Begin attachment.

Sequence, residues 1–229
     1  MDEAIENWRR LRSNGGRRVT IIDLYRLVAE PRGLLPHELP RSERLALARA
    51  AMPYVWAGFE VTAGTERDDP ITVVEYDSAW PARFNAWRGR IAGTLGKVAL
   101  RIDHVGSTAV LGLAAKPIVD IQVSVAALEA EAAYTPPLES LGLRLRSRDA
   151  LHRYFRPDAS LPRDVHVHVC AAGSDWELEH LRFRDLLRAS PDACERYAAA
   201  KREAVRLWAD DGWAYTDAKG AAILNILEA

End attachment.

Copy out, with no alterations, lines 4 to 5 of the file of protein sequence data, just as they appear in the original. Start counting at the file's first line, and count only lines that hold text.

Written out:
   101  RIDHVGSTAV LGLAAKPIVD IQVSVAALEA EAAYTPPLES LGLRLRSRDA
   151  LHRYFRPDAS LPRDVHVHVC AAGSDWELEH LRFRDLLRAS PDACERYAAA